Corridor Design Blog

News and views on wildlife corridors, linkages, and connectivity

Posted by
Dan Majka
on Dec 16 2009

$8 million to be spent on wildlife crossing structures north of Tucson, Arizona

It's easy to get frustrated doing conservation GIS. Sometimes it feels like you spend week after week working through models, maps, and reports, only to have them end up in a sucking black hole. And then there are those days when you find out that What You Do Really Matters, and it makes things all worth it.

Mockup of proposed wildlife overpass, courtesy of Coalition for Sonoran Desert Protection

Last Thursday, Regional Transportation Authority of Pima County, Arizona, approved $8.2 million to build two wildlife underpasses and one overpass, the largest such wildlife overpass in Arizona, and first overpass built specifically for deer. The money is the first of $45 million which will be spent throughout the county on wildlife crossings. According to an article in the Arizona Daily Star,

The work will be done in conjunction with a widening of Oracle from four to six lanes for a six-mile stretch, between Tangerine Road and the Pinal County line. The wildlife crossings will be about 190 feet long by 150 feet wide. Doing the crossings at the time of the widening keeps the state from having to retrofit the road later at more expense, said Siobhan Nordhaugen, an Arizona Department of Transportation special-projects manager.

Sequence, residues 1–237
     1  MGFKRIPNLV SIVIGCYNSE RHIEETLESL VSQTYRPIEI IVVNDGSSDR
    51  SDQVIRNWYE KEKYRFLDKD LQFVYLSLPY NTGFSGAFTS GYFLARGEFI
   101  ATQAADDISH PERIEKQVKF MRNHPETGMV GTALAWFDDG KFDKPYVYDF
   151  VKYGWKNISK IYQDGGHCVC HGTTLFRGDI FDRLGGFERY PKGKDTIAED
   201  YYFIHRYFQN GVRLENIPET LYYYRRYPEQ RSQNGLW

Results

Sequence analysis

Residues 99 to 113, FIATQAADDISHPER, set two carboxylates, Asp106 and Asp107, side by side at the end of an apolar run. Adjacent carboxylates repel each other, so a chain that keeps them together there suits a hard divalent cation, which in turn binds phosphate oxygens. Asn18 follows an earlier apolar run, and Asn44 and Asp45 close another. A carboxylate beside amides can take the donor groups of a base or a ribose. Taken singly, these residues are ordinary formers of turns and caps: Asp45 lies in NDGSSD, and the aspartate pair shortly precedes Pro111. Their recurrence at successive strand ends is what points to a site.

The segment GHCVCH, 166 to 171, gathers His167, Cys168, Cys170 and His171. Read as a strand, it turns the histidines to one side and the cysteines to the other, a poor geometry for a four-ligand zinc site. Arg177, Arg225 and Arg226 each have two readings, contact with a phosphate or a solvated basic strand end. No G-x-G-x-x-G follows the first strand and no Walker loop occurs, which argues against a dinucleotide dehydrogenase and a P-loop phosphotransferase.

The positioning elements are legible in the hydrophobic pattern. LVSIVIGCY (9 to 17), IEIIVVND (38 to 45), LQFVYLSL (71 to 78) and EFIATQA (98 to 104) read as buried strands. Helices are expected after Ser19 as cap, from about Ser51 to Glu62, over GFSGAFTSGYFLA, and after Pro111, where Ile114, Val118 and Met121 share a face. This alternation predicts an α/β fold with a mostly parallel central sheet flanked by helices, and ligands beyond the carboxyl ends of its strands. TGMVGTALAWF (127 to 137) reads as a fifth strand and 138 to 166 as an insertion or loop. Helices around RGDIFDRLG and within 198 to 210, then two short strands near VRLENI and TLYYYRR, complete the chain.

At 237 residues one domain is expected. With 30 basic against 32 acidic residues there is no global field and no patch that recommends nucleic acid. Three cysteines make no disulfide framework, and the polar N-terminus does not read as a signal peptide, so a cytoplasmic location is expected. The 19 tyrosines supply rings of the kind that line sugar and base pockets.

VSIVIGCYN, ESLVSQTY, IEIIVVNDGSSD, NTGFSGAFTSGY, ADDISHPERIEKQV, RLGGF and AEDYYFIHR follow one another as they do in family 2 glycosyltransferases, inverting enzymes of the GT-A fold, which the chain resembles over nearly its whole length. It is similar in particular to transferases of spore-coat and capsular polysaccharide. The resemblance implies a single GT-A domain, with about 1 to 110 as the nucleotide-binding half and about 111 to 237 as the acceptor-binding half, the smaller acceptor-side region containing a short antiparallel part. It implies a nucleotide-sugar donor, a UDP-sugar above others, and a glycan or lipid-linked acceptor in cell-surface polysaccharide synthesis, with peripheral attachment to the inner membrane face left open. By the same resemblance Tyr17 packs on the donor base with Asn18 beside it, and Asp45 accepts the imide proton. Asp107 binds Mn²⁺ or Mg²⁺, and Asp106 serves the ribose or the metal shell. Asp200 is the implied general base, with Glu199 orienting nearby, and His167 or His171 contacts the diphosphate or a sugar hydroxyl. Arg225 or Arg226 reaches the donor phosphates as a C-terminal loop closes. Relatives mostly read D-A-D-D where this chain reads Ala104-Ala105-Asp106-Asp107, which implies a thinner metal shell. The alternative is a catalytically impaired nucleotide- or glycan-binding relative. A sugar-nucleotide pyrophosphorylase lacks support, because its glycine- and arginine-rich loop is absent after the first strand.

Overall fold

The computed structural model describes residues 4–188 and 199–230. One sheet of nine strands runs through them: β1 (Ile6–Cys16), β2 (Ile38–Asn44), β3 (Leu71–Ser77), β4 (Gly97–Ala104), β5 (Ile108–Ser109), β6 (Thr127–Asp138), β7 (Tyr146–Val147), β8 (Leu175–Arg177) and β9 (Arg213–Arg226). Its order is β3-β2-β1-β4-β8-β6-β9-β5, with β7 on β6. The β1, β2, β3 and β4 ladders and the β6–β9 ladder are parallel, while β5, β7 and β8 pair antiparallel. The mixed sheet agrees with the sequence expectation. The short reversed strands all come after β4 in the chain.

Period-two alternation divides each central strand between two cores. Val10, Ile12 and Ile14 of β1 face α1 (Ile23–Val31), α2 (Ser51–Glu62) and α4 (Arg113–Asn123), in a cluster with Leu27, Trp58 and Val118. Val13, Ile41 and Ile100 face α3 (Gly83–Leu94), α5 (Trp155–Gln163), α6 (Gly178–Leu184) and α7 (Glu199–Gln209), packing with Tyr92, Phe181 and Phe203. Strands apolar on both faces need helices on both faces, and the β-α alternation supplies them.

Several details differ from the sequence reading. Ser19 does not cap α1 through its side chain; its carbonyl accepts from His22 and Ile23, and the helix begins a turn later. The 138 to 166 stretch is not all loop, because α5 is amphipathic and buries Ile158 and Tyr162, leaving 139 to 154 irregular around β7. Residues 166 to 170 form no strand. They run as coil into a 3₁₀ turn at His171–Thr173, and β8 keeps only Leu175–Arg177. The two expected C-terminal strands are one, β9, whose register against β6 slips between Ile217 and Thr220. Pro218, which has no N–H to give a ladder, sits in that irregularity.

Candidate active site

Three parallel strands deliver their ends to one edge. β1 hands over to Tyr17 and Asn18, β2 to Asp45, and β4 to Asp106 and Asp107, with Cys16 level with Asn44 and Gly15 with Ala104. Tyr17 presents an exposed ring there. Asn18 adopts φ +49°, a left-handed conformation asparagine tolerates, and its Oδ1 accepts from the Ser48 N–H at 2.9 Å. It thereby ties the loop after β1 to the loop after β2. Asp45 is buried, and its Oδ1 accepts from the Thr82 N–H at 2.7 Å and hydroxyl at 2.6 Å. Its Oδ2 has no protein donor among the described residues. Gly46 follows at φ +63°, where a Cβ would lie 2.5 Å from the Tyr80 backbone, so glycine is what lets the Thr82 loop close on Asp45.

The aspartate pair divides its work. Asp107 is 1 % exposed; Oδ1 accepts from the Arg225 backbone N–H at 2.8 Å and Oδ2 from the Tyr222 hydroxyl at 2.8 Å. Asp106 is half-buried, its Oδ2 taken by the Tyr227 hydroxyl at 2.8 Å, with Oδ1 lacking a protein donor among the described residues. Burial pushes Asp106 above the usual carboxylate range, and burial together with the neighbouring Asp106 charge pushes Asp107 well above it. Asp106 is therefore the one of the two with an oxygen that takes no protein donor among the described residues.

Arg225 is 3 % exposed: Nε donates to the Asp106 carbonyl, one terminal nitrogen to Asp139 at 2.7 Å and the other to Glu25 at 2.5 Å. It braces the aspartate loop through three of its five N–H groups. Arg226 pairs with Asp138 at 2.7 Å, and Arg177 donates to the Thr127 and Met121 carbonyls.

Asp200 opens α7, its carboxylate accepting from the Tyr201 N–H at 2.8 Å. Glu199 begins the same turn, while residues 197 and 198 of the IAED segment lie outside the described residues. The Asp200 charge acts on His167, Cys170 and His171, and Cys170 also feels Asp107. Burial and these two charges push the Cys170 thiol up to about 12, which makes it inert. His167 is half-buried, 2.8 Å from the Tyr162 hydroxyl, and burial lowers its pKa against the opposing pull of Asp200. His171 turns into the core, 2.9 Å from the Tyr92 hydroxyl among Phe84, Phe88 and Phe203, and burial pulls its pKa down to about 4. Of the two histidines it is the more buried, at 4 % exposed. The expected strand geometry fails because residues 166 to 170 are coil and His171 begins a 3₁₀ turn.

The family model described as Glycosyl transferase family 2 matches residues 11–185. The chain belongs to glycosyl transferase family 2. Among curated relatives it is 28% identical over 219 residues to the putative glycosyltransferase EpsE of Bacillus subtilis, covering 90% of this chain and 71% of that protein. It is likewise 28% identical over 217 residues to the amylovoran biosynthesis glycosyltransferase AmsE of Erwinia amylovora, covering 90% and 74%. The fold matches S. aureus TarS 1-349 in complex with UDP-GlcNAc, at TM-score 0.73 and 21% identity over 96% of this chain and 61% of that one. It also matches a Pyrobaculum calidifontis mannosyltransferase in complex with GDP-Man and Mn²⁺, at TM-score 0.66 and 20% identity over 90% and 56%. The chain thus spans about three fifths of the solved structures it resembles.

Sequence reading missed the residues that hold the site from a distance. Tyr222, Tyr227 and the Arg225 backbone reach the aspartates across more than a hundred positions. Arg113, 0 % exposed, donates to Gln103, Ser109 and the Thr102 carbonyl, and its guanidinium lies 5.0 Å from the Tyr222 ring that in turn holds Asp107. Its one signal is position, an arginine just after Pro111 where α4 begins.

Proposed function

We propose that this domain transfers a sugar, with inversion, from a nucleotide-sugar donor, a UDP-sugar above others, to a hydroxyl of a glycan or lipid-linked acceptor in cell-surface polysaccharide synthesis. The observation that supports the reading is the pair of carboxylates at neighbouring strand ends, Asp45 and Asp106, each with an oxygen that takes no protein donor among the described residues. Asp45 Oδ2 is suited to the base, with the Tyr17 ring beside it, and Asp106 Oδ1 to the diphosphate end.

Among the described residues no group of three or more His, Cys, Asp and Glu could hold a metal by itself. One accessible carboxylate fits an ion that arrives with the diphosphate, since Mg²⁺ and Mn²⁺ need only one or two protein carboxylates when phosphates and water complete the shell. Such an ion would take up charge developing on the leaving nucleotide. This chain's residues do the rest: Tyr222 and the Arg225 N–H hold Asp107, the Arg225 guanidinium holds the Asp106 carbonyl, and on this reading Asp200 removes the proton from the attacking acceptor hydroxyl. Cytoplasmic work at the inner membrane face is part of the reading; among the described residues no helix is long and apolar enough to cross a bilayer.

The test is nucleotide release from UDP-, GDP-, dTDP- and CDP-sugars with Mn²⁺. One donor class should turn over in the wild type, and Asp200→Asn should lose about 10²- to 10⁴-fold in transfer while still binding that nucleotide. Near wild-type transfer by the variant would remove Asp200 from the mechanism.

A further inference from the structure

"We'd like to make highways more permeable to wildlife," said Ray Schweinsburg, research program supervisor for the Arizona Game and Fish Department. That agency, along with ADOT, the RTA staff and five environmental groups, spent several years planning the crossings. "Part of what makes Arizona so unique are its wildlife values. We don't want to lose that," he said.

"It's also a safety issue. We don't want motorists hitting animals."

While efforts to protect this linkage date back to 1996, our recent report, which modeled potential linkages for multiple species between the Tortolita, Santa Catalina, Tucson Mountains, helped with the effort. The Daily Star quotes from the report:

"In our work on 16 linkage designs in the state, we have not seen rates of development of natural land similar to what we have seen in this linkage. Future urbanization should not occur on private or state land" within this area, the NAU report said.